The Science Journal of the American Association for Respiratory Care

2008 OPEN FORUM Abstracts

URINARY OXYGEN TENSION (PUO2) AS A TOOL FOR THE ASSESSMENT OF RENAL FUNCTION IN CRITICALLY ILL CANCER PATIENTS RECEIVING MECHANICAL VENTILATION: A CASE SERIES

Laura G. Withers1, Diego H. de Villalobos1, Shubhra Ghosh1, Clarence G. Finch1, Kristen J. Price1



Introduction: Mechanically ventilated critically-ill patients frequently develop ischemic injury as a consequence of hypoxemia. Kidneys have a high metabolic demand and need for oxygenation and are therefore very sensitive to changes in oxygen supply. More than 20% of the entire cardiac output flows through the kidneys every minute. However, even though the blood in the renal vein is oxygen -rich, the renal medulla is relatively hypoxemic. Therefore any compromise in the renal oxygen supply (e.g. in shock) has serious ramifications on the renal function. It has been shown that renal function is optimal in most people when the mean arterial pressure (MAP) is maintained within 65 - 70 mm Hg. Currently, a variety of tests are used for assessment of renal function ranging from the inexpensive but late markers including serum creatinine (Cr)/blood urea nitrogen (BUN)/electrolytes (which become abnormal after >60% of kidney function is lost) to accurate but invasive glomerular filtration rate (GFR), and expensive real-time renal ultrasounds requiring a radiologist.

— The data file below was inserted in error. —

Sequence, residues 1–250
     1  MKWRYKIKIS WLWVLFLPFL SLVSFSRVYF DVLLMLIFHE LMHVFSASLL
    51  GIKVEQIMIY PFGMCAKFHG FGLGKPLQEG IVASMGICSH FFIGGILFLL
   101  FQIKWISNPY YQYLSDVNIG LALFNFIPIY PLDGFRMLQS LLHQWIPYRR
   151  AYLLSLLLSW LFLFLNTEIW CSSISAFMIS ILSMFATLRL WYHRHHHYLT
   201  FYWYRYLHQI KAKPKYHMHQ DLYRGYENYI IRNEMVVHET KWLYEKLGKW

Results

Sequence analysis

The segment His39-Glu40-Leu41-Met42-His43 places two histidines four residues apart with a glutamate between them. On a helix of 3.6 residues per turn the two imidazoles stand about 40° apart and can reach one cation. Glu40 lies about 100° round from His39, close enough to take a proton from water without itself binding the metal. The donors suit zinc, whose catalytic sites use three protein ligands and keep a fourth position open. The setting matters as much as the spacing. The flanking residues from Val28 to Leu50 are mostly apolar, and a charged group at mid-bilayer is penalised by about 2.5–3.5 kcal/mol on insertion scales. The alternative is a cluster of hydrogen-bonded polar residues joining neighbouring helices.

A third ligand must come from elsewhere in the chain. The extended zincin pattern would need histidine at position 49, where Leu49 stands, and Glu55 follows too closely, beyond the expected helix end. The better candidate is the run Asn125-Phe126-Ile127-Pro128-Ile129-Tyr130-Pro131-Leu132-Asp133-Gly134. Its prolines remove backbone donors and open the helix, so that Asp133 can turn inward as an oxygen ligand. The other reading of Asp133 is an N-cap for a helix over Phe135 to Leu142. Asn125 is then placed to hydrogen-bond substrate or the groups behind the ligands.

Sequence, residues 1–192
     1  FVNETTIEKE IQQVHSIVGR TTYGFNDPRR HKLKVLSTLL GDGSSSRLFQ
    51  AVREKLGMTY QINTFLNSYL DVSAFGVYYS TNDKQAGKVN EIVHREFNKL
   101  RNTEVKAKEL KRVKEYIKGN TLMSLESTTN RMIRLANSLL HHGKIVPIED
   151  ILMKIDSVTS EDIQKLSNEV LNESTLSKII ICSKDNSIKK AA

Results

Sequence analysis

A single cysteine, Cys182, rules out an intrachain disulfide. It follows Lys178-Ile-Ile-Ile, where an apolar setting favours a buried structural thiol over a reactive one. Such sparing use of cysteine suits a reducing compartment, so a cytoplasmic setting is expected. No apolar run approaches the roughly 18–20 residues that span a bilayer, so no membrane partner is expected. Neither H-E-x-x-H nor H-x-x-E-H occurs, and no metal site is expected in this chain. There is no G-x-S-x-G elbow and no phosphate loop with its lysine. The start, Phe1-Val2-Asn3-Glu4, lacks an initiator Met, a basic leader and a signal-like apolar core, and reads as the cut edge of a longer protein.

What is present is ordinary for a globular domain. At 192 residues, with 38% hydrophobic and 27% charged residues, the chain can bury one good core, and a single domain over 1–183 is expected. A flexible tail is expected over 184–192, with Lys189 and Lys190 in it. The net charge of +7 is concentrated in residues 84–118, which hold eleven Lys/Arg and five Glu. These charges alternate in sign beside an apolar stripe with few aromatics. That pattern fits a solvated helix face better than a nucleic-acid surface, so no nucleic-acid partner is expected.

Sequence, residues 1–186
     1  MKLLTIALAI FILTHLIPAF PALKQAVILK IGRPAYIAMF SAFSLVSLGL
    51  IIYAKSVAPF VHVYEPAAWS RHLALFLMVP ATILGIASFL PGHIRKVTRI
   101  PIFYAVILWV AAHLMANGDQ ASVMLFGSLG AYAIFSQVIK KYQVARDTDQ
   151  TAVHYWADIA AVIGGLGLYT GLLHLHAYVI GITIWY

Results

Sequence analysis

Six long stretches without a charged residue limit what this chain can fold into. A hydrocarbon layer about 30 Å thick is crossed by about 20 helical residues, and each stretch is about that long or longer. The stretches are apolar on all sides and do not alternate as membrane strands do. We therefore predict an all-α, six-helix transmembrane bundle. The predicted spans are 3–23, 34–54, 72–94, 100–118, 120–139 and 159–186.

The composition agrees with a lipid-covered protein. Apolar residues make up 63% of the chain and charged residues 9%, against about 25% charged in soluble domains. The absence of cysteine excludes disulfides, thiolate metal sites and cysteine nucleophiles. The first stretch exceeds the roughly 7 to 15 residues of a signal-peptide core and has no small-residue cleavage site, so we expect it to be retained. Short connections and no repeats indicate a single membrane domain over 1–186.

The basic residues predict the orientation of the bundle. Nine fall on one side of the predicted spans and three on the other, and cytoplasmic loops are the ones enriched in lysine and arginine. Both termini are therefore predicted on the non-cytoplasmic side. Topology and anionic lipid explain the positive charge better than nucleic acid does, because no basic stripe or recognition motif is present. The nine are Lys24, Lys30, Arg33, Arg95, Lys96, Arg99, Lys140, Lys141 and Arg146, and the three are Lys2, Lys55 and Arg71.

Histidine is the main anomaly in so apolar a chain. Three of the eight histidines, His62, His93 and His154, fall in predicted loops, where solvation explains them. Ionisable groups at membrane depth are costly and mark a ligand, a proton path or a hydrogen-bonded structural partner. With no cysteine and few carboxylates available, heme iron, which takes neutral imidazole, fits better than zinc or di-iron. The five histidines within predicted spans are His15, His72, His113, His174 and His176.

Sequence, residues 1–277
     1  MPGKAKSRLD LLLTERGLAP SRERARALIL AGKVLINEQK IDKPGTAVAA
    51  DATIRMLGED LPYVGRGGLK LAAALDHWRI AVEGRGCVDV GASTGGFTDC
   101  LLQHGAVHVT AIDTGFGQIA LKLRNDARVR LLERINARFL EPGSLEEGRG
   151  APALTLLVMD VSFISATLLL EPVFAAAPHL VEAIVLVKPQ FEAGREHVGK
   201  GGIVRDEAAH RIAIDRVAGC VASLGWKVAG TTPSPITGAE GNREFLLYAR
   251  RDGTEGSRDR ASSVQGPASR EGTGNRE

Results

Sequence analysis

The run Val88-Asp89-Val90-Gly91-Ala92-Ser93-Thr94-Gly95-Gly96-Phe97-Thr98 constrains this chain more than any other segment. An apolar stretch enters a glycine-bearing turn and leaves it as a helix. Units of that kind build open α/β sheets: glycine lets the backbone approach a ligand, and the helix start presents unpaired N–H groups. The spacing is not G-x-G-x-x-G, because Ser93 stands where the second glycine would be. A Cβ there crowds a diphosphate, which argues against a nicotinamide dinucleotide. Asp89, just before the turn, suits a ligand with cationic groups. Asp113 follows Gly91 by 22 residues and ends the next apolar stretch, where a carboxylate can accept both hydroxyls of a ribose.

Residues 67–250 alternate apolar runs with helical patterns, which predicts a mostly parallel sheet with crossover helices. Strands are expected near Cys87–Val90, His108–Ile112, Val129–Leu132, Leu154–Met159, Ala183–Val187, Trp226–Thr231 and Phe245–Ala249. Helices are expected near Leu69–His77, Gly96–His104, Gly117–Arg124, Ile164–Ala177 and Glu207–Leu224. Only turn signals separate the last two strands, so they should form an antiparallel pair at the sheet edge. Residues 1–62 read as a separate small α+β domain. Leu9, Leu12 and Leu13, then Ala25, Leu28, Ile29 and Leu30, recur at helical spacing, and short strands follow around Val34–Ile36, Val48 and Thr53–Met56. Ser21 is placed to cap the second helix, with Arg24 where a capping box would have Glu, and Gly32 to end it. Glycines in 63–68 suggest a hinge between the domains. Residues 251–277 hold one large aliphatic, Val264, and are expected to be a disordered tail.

Urinary oxygen tension (PuO2) is the partial pressure of oxygen in urine. In healthy adults, bladder urine PuO2 has been measured to be in the range of 25 - 80 mm Hg depending on hydration and diet. Since the renal function is largely dependent on its oxygen demand and supply, can the fluctuation of PuO2 therefore be utilized to assess renal function? If so, it could provide us with a relatively non-invasive, inexpensive tool to follow renal function in cases of suspected renal injury.

Case series Summary: Bladder urine PuO2 was measured via a probe inserted in foley's catheter in 3 critically ill cancer patients in acute respiratory failure requiring mechanical ventilation. The measured bladder urine PuO2, PaO2 and MAP are shown in figure 1. The electrolytes were within normal ranges in all cases. The titration of MAP closest to 65-70 mm Hg range was associated with PuO2 values in the range of 98 - 124 mm Hg. The changes in PuO2 did not coincide with changes in PaO2.

Discussion: In these three case studies, the PuO2 was observed to vary with changes in the MAP, BUN and GFR. Further studies on the use of PuO2 as a monitoring tool for assessment of organ function in critically ill patients are warranted since it is a relatively non-invasive, almost real-time and inexpensive tool.